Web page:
Villages across Dorset are now one step closer to being able to adopt a 20mph speed limit after it was decided by councillors to reject a recent policy presented by the Dorset Council Highways team. Dorset residents and councillors were critical that the report favoured motorists and did not do enough to reflect the needs of rural communities, cyclists and pedestrians. The report will now be reviewed and rewritten making it easier for villages and rural towns to apply for a 20mph speed limit.
Cllr Andrew Starr, who sits on the Place and Resources Committee said: “It seems to me that it's time we considered that 20mph should be the norm and we should have to justify 30mph.” Given that currently 26 million people in the UK live in an area where 20mph is accepted as the normal speed limit we are lagging behind.
He went on to say that implementing a new speed limit doesn’t have to be coupled with huge cash spend. The default speed limit of 20mph has been adopted by other local authorities without the need for the implementation of physical calming measures.
It was evident from the council meeting at the end of April that the support for a 20mph speed limit from members of the public and councillors is overwhelming. There are clear safety benefits of adopting a lower speed limit. A pedestrian is 7 times more likely to die if they are hit by a vehicle travelling at 30mph than they are at 20mph, rising to 10 times more likely if aged 60 or older.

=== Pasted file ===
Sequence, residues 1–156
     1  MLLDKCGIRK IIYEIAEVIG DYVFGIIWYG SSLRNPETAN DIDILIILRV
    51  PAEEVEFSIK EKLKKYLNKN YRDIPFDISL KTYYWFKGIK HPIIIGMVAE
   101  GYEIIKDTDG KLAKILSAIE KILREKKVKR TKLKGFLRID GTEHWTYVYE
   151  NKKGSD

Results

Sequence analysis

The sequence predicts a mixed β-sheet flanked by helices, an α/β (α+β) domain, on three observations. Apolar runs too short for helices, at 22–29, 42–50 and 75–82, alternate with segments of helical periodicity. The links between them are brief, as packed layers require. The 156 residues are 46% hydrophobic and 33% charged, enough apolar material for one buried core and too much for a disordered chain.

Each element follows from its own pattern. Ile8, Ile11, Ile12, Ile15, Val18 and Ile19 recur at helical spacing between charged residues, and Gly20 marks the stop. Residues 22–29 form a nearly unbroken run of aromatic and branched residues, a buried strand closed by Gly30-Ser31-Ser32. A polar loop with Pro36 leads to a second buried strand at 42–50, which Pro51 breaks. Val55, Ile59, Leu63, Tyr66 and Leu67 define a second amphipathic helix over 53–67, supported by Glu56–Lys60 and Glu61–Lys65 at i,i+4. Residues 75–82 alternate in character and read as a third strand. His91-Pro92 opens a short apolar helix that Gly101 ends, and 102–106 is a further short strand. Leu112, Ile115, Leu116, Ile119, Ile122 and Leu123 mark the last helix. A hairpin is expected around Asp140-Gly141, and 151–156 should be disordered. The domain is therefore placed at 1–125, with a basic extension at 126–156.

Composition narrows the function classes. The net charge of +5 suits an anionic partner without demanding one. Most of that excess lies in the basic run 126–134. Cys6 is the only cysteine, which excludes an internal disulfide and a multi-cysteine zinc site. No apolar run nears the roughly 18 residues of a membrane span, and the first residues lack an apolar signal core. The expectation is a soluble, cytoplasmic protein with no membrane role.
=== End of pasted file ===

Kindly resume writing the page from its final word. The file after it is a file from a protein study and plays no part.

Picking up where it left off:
As well as safety considerations, evidence shows vehicles travelling at 20mph cause 20% fewer casualties, 25% less pollution and 50% less noise than a car travelling at 30mph.
Cllr Alex Brenton said: “At a time when fuel prices are high and we are worried about air pollution it is important to remember that going slower benefits the environment. It is everyone's responsibility to make our roads safer and greener.” Driving at 20mph as opposed to 30mph significantly reduces a vehicle's emissions.
Cllr Brenton has also expressed frustration that this is taking so long. “There was a quiet lanes initiative in the 2010s, possibly before. There have been previous campaigns for quiet lanes all of which have been forgotten about or quietly faded away.”
Given that speed limits on Britain’s roads are 60% higher than in Europe this change can’t come soon enough. Let’s hope it is not forgotten this time and that Dorset council work quickly to make this positive change for our residents safety and health.